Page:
Targeting Astrocyte Signaling Alleviates Cerebrovascular and Synaptic Function Deficits in a Diet-Based Mouse Model of Small Cerebral Vessel Disease

Pradoldej Sompol, Jenna L. Gollihue, Blaine E. Weiss, Ruei Lung Lin, Sami L. Case, Susan D. Kraner, Erica M. Weekman, John C. Gant, Colin B. Rogers, Dana M. Niedowicz, Tiffany L. Sudduth, David K. Powell, Ai Ling Lin, Peter T. Nelson, Olivier Thibault, Donna M. Wilcock, Christopher M. Norris

Research output: Contribution to journalArticlepeer-review

5 Scopus citations


Despite the indispensable role that astrocytes play in the neurovascular unit, few studies have investigated the functional impact of astrocyte signaling in cognitive decline and dementia related to vascular pathology. Diet-mediated induction of hyperhomocysteinemia (HHcy) recapitulates numerous features of vascular contributions to cognitive impairment and dementia (VCID). Here, we used astrocyte targeting approaches to evaluate astrocyte Ca2+ dysregulation and the impact of aberrant astrocyte signaling on cerebrovascular dysfunction and synapse impairment in male and female HHcy diet mice. Two-photon imaging conducted in fully awake mice revealed activity-dependent Ca2+ dysregulation in barrel cortex astrocytes under HHcy. Stimulation of contralateral whiskers elicited larger Ca2+ transients in individual astrocytes of HHcy diet mice compared with control diet mice. However, evoked Ca2+ signaling across astrocyte networks was impaired in HHcy mice. HHcy also was associated with increased activation of the Ca2+/calcineurin-dependent transcription factor NFAT4, which has been linked previously to the reactive astrocyte phenotype and synapse dysfunction in amyloid and brain injury models. Targeting the NFAT inhibitor VIVIT to astrocytes, using adeno-associated virus vectors, led to reduced GFAP promoter activity in HHcy diet mice and improved functional hyperemia in arterioles and capillaries. VIVIT expression in astrocytes also preserved CA1 synaptic function and improved spontaneous alternation performance on the Y maze. Together, the results demonstrate that aberrant astrocyte signaling can impair the major functional properties of the neurovascular unit (i.e., cerebral vessel regulation and synaptic regulation) and may therefore represent a promising drug target for treating VCID and possibly Alzheimer’s disease and other related dementias.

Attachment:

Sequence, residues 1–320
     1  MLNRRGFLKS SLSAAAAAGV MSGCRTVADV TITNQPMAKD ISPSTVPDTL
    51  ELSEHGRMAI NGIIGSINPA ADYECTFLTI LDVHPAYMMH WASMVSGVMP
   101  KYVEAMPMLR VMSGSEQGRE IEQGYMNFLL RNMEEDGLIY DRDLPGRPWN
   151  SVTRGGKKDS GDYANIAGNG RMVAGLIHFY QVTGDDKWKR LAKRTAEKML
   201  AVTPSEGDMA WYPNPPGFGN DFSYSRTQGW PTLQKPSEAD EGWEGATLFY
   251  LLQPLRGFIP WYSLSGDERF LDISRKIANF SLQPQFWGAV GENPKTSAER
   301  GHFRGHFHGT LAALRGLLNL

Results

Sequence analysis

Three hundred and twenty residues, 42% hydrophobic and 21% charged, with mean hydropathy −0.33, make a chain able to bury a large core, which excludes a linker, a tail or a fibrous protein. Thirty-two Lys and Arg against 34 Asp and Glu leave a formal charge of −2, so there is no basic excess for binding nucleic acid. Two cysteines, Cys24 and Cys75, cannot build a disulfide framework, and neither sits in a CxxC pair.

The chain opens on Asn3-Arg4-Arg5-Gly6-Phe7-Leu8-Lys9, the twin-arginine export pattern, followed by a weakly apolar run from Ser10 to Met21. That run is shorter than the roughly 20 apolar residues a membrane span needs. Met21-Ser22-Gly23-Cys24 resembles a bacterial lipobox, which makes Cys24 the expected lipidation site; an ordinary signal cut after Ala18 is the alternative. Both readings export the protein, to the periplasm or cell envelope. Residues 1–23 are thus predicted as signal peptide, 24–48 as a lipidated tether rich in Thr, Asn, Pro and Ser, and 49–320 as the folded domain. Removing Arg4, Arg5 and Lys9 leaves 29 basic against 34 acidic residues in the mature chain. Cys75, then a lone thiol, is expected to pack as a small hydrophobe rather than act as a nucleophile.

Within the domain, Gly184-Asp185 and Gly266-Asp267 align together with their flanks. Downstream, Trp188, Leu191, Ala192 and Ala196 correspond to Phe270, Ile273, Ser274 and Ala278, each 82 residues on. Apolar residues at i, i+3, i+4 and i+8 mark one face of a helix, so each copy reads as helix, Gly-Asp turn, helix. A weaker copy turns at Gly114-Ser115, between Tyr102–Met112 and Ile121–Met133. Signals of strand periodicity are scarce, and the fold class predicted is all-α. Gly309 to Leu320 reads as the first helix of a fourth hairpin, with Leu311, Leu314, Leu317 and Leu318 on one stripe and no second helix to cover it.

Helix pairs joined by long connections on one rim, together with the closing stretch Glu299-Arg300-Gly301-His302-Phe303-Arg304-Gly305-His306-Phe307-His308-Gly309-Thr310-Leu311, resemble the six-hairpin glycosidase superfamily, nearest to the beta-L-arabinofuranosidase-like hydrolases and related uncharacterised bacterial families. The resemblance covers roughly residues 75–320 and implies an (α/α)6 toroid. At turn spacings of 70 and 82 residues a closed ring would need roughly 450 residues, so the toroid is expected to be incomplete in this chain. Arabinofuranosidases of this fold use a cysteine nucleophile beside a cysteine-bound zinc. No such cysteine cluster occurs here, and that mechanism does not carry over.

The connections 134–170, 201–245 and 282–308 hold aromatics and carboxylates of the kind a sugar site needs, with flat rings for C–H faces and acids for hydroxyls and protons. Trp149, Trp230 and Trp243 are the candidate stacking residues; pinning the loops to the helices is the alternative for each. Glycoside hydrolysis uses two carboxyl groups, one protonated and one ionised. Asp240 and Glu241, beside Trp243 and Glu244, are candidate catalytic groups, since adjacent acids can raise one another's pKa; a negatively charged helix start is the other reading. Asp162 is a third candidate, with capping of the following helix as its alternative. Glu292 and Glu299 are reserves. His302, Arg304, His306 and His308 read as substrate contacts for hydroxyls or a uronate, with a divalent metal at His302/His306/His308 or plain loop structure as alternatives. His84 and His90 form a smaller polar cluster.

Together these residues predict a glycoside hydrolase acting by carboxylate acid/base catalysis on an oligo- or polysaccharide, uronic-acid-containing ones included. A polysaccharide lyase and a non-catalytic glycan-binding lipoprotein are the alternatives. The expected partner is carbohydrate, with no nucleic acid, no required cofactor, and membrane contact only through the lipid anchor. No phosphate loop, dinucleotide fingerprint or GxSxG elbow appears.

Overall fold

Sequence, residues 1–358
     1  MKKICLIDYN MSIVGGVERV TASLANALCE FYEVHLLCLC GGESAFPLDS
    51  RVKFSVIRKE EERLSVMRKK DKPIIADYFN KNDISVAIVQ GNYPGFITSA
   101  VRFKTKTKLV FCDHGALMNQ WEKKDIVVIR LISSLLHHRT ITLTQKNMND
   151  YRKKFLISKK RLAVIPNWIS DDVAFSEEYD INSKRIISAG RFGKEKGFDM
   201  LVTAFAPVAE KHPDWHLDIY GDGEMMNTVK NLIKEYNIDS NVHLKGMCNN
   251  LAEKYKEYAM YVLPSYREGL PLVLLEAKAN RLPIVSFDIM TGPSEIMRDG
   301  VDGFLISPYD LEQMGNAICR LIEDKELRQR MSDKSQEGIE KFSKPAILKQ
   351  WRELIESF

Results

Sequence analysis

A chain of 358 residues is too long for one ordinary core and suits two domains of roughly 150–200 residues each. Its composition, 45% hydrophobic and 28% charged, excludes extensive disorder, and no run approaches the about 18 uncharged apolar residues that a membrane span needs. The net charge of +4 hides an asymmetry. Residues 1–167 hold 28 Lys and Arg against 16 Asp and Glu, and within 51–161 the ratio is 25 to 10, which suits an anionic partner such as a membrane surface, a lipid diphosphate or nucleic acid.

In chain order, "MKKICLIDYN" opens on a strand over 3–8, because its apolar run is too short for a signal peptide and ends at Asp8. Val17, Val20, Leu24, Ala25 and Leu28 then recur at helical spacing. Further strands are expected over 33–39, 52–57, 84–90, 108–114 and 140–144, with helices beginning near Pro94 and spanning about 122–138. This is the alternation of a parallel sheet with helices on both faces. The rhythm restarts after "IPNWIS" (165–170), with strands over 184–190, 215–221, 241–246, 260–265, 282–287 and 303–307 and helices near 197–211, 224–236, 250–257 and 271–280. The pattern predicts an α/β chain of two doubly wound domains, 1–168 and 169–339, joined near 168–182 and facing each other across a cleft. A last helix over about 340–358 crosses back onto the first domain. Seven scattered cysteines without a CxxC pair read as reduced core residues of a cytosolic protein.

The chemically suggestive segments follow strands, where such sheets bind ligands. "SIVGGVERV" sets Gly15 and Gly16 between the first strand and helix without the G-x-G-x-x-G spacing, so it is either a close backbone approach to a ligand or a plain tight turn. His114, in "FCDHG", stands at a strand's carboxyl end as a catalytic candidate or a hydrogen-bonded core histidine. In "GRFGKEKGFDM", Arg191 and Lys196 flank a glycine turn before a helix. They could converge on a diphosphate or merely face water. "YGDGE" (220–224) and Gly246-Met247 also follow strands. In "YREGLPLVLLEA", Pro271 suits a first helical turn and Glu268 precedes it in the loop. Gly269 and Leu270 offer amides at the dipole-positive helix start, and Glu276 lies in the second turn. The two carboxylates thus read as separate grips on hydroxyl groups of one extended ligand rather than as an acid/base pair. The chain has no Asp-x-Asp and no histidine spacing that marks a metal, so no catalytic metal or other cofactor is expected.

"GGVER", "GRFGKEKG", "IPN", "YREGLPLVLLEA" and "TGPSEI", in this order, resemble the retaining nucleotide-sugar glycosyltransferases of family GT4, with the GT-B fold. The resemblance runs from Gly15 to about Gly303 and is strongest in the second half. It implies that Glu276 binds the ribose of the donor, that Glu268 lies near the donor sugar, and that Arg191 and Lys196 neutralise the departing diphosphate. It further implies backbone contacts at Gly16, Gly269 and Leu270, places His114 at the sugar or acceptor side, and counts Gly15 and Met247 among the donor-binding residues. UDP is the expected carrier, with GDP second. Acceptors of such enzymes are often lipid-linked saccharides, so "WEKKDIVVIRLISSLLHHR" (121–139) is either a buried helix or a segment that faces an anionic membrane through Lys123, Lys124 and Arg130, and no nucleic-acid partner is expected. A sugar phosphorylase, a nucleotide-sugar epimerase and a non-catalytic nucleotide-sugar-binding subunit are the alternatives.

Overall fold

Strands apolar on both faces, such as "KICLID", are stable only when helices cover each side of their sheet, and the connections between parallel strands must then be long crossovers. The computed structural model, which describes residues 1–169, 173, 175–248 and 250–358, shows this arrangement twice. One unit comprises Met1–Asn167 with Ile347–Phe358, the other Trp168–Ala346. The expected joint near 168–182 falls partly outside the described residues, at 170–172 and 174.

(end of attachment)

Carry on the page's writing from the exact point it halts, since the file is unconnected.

Original languageEnglish
Pages (from-to)1797-1813
Number of pages17
JournalJournal of Neuroscience
Issue number10
StatePublished - Mar 8 2023

Bibliographical note

Publisher Copyright:
Copyright © 2023 Sompol et al.


  • Alzheimer’s disease
  • Ca
  • neurovascular coupling
  • reactive astrocytes
  • synapses
  • vascular dementia

ASJC Scopus subject areas

  • General Neuroscience


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